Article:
The News Tribune (Tacoma, Washington)
By M. ALEXANDER OTTO
Concerned about how anti-psychotic drugs are being used in children, state officials are working on a plan due out by early fall to make sure the medications are properly prescribed for Washington kids on Medicaid.
“The data is concerning,” said Dr. Jeffrey Thompson, chief medical officer for the state Medicaid program and an expert in pharmaceutical trends in the state’s Medicaid population.
The long term safety and effectiveness of the drugs in children are not known, he and others say.
“We are at risk of treating kids before we know if these drugs are safe in the long-term,” said Dr. Christopher Varley, a University of Washington professor of child and adolescent psychiatry.
The drugs are used to treat such conditions as bipolar disorder or schizophrenia. They’re sold under the names Zyprexa, Geodon, Risperdal, Abilify, Seroquel, Clozaril and Invega. The drugs belong to a relatively new class of anti-psychotics called “atypical.” The older class of anti-psychotics has been on the market for decades.
So far, the federal Food and Drug Administration has approved only Risperdal and Abilify for use in children, and only for the short term. All have been approved for adults. Doctors are free to prescribe drugs to anyone and in any way they see fit once they have been approved for some purpose.
In the past, anti-psychotic drugs were used mostly in adults, and mostly to treat schizophrenia. Long-term use of the “atypical” drugs in adults has been linked to serious side effects, including significant weight gain, diabetes, permanent involuntary movement disorders and even early death.
State data show that the use of atypical anti-psychotics in children enrolled in Washington’s Medicaid program for low-income people increased about 25 percent between 2004 and 2007.
In 2007, 4,978 Medicaid participants 18 or younger were taking the drugs, and 187 were 5 or younger. Some children were on two or more drugs at the same time.
The most recent data available show that the state Medicaid program spent about $9.08 million last year on the drugs for children 18 or younger, up from $4.96 million in 2004. Statistics on use of the drugs in Washington children not taking part in Medicaid are unavailable. Their use in children nationally has increased more than six-fold in the past 15 years, Varley said.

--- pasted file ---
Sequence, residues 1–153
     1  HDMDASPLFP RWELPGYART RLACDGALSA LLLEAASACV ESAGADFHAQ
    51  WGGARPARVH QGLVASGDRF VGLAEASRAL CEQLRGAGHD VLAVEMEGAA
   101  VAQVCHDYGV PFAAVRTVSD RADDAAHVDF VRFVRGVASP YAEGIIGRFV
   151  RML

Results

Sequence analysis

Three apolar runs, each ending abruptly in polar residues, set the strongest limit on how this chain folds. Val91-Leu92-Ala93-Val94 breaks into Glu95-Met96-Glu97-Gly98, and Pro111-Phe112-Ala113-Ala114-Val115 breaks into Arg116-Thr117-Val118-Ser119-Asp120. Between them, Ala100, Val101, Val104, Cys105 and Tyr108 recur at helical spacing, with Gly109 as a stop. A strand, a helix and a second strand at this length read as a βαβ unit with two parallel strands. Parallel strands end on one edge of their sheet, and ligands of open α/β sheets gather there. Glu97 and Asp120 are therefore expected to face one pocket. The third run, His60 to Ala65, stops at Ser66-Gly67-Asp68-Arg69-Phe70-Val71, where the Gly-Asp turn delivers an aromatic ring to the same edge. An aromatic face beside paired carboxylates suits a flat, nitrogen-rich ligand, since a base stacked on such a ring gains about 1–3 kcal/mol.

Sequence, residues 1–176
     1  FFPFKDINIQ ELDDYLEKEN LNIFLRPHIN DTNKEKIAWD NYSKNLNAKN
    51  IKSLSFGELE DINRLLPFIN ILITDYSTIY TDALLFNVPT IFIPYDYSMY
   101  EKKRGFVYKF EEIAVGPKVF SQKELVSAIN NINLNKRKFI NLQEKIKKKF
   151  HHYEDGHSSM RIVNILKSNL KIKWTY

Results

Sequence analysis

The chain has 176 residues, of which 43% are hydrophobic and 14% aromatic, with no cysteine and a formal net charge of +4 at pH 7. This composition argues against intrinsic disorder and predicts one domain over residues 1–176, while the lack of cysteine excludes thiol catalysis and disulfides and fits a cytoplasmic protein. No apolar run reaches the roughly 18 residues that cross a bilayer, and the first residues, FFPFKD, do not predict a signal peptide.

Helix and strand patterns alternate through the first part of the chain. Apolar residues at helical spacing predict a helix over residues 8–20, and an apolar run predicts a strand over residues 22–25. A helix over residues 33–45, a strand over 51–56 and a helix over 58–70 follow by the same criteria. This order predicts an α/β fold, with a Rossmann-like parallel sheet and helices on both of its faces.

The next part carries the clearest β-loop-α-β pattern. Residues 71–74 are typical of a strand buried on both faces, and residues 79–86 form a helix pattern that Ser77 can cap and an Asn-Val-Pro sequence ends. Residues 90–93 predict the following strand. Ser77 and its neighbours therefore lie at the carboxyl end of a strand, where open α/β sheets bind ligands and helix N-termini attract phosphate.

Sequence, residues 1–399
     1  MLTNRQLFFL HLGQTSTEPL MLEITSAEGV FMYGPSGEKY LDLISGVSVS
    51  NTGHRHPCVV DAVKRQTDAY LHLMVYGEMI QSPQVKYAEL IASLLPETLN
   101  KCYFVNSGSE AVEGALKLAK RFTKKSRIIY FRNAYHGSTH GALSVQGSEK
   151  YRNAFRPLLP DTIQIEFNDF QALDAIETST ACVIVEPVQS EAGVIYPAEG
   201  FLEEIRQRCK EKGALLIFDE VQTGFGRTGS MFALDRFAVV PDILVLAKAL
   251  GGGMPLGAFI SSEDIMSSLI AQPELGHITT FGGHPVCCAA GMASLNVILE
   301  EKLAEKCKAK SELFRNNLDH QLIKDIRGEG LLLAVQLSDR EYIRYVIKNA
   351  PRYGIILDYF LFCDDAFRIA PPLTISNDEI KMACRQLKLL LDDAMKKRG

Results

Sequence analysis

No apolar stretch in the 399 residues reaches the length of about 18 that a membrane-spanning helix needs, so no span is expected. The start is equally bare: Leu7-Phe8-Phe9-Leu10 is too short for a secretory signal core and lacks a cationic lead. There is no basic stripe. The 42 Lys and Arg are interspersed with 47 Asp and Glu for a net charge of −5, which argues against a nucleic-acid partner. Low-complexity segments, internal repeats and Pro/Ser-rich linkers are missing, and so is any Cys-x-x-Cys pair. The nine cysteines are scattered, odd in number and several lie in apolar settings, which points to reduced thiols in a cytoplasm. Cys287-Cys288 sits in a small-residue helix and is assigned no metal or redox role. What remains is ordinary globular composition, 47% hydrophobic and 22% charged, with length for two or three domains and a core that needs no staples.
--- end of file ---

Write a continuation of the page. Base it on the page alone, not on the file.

There are indications, Thompson said, that the drugs are sometimes being used when not needed, in doses sometimes too high, and in children who are too young for them.
USE THE ADHD MODEL, DOCTOR SAYS
Thompson is leading a work group in the state Department of Social and Health Services that seeks to ensure the drugs are prescribed to Medicaid children in Washington only when truly needed and at proper dosages.
The linchpin of the plan is the requirement of an expert second opinion if the drugs are prescribed outside of certain parameters: for instance, to very young children, or in combination, or in very high doses.
Some kids are on “doses that are far beyond any reasonable maximum dose,” said Varley, who is a member of the DSHS work group.
Such a plan already is in place for drugs to treat attention deficit hyperactivity disorder, or ADHD. The plan has helped standardize the use of stimulants such as Ritalan since 2005, when similar concerns were raised about ADHD drugs being used inappropriately in Medicaid children.
Among the chief drivers behind the use of atypical anti-psychotics in children, experts say, is the increasing popularity of bipolar disorder diagnoses. Bipolar disorder was previously known as manic depression.
Between 1994 and 2003, the number of children treated for bipolar disorder in the United States increased to more than 800,000 from 20,000, according to researchers. The treatment trend is defended by some, questioned by others.
“Bipolar disorder is a very debilitating disease,” said Jamaison Schuler, a spokesman for Eli Lilly, which makes Zyprexa. “The earlier you can capture it, the better off you are.”
DOCTOR QUESTIONS DIAGNOSES
Zyprexa, like most of the atypical anti-psychotics, is not approved for children. Schuler said the company has produced data to support that use and has submitted them to the FDA. For now, though, “to the extent doctors might be prescribing it (for children),” they are doing so without the data, Schuler said.